Hundreds of shops and businesses across Saudi Arabia have recently put up signs stating they do not carry Turkish goods, and many merchants have reduced to zero the import of goods from Turkey, and even the Turkish coffee merchants have given up on its import.
The Spanish “Mango” brand is looking for alternative suppliers to replace goods produced in Turkey and exported to Saudi Arabia, and they claim that Saudi Arabia “banned all imports and Turkish products”.
The Spanish company told the media that they are “examining alternatives to products from Turkey to Saudi Arabia.”
On Saturday, eight prominent Turkish trade unions issued a letter expressing concern about “Saudi Arabia’s negative attitude towards Turkish companies” and Turkish companies announced earlier that Saudi Arabia was imposing difficulties on exporting Turkish goods to the kingdom, and even preventing the importation of some of the goods or delaying them at the port for a long time before they are released from customs.
Turkish exporters have confirmed that their products have experienced long delays in Saudi customs in the past month.
The Saudi government denies imposing restrictions on Turkish goods. A statement from the Ministry of Communications stated that it is committed to free trade and international agreements and conventions.
However, Ajlan Ajlan, chairman of the Riyadh Chamber of Commerce, recently called for a boycott of “everything that comes from Turkey” in response to “the Turkish government’s hostility towards our leadership, our country and our citizens.”
“Everything that is produced in Turkey or that comes through Turkey is banned in Saudi Arabia,” said a source in the Gulf who briefed journalists.
The field of tourism is also included in the Saudi boycott measures.
The Saudi signals are clear. The announcement of the economic boycott on Turkey came on the second anniversary of the assassination of Saudi journalist Jamal Khashoggi, who was killed at the Saudi embassy in Istanbul, an event that led to a crisis between the countries and an exchange of accusations.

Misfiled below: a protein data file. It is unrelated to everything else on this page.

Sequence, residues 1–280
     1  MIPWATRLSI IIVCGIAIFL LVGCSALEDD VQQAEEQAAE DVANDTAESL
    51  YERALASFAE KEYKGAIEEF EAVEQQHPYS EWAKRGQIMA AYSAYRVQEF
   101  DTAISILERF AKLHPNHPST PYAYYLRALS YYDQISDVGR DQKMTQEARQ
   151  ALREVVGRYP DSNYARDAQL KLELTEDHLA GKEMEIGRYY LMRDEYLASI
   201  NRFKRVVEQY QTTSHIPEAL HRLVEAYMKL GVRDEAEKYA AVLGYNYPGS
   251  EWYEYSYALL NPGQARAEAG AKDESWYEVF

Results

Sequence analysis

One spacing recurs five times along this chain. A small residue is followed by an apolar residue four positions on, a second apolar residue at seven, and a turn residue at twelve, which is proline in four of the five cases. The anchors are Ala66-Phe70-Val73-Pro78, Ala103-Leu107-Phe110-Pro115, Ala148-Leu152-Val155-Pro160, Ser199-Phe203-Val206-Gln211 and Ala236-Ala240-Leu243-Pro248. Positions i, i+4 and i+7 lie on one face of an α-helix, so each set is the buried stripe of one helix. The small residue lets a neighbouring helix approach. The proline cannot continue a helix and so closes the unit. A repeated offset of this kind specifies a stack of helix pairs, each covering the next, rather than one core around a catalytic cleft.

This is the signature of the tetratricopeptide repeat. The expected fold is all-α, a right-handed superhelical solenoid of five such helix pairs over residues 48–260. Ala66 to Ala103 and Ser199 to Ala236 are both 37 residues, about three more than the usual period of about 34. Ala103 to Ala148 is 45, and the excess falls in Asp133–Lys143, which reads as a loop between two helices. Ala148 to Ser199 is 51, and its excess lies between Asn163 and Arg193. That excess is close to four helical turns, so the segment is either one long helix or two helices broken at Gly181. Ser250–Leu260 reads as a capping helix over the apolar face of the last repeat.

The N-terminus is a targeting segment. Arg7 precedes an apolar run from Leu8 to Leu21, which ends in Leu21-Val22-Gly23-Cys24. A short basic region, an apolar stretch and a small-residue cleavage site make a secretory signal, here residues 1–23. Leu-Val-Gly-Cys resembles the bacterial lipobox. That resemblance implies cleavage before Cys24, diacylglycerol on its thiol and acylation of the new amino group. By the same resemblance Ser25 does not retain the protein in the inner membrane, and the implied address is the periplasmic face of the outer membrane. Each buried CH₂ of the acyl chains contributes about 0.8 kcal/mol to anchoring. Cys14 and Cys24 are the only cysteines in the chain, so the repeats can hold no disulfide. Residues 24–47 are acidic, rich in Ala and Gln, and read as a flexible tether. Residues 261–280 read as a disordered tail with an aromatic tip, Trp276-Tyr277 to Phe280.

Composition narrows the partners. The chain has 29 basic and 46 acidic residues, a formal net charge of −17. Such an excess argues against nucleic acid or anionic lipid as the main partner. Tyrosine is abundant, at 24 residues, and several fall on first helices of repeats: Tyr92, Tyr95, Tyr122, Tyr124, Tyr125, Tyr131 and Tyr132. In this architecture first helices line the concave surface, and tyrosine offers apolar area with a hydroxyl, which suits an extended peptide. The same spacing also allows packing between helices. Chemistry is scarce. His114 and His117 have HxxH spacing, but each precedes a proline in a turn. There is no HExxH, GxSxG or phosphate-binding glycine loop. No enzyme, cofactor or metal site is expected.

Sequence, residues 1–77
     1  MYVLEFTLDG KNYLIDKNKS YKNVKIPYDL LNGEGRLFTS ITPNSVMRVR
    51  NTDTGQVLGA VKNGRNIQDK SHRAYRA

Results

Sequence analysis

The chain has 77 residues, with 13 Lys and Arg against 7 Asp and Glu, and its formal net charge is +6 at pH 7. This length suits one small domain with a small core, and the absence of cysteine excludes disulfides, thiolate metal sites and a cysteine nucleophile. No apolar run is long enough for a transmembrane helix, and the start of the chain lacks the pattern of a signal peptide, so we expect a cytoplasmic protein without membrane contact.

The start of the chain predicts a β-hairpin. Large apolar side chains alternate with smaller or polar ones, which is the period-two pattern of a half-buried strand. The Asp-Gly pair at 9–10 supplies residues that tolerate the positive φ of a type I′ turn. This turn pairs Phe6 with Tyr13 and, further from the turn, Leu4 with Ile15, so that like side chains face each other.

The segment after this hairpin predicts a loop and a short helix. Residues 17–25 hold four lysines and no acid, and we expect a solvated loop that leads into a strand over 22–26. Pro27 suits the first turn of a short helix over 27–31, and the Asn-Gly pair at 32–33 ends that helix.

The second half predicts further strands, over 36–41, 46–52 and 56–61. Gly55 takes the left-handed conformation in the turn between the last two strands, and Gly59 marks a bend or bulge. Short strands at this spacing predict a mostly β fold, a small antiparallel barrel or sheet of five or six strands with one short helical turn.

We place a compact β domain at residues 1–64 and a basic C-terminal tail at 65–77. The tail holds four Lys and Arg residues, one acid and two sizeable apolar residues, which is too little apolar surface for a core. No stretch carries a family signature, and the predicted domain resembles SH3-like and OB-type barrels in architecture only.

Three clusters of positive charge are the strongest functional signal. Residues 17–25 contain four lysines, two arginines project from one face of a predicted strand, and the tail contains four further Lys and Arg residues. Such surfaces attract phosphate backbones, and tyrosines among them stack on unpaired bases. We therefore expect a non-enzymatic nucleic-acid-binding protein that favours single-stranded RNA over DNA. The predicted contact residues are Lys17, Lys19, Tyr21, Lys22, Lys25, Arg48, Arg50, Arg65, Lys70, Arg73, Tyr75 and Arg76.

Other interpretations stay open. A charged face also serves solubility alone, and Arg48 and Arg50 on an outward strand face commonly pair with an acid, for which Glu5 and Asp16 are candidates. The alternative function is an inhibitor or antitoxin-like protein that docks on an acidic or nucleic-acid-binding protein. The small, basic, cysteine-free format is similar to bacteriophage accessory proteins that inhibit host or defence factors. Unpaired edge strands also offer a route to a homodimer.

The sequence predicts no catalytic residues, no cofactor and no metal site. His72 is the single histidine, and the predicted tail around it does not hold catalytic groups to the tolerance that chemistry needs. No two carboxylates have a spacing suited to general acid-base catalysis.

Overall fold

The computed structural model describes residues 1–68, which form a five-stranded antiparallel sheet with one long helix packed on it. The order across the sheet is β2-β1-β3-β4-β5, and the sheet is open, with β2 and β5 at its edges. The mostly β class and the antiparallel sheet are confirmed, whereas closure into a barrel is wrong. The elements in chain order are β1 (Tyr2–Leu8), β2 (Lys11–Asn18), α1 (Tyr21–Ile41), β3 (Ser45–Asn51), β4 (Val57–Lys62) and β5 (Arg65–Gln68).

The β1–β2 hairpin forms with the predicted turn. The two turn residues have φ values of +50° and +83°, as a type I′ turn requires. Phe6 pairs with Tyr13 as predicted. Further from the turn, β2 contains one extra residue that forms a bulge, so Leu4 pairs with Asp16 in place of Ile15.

The head of the Chamber of Commerce wrote on Twitter that “the boycott is on everything that is Turkish, imports, exports, investments or tourism.”
Although the annual volume of trade between Turkey and Saudi Arabia is only $ 5 billion a year, the informal boycott measures on Turkey could hurt the Turkish economy, which has recently experienced major difficulties.
The Turks mainly fear that other Gulf countries will join Saudi Arabia. A Gulf boycott has already led to a significant impact on Qatar, an ally of Turkey and its partner in funding the Muslim Brotherhood.
In 2017, Saudi Arabia led an economic boycott against Qatar as part of diplomatic pressure and the United Arab Emirates joined the Saudi effort. Turkey, for its part, supported Qatar and even deployed forces in Qatar.
Traders in Turkey fear that the Turkish administration’s attitude towards Saudi Arabia will encourage the campaign against their country, and especially in light of the Turkish hostility to the normalization agreements between Israel and the UAE and Bahrain.
Mustafa Gültepe, head of the Association of Apparel Exporters in Istanbul, told the media that all retailers producing in Turkey and exporting to the Gulf state have already been harmed. “We are talking about all the global brands that have stores in Saudi Arabia, that manufacture in Turkey and sell there.”
Turkey is one of the largest textile manufacturers in Europe and the Middle East. In 2017, clothing exports stood at $17.7 billion.
The “Mango” brand, which operates 50 stores in Saudi Arabia, and the Swedish company H&M announced that “it is too early to comment on the recently discovered trade restrictions and their significance.”
The British giant Marks & Spencer and the Spanish Inditex, which operate stores in Saudi Arabia, also declined to comment.
On the other hand, Maersk, the shipping giant, wrote to its Turkish customers last month warning of growing customs problems in Saudi Arabia.
Tensions also affected the airline sector and Turkish Airlines was forced to seek special Saudi approval to reopen its routes to Dubai.
The new conflict in the field of trade indicates a significant escalation in the relations between the rival countries. Relations between Turkey and Saudi Arabia and the United Arab Emirates, which have the largest economies in the Middle East, have become strained as President Recep Tayyip Erdoğan’s boldness vis-à-vis Arab countries has increased, especially in his support for Islamist groups.
There has been an ongoing fierce conflict between the Saudis and the Turks due to the latter’s support of the Muslim Brotherhood and following the struggle for hegemony over the Sunni camp in the Middle East, and this escalated following the murder of Khashoggi.
Saudi Arabia also fears that Turkey is working to establish an alternative Islamic body to the Organization of Islamic Cooperation based in Jeddah.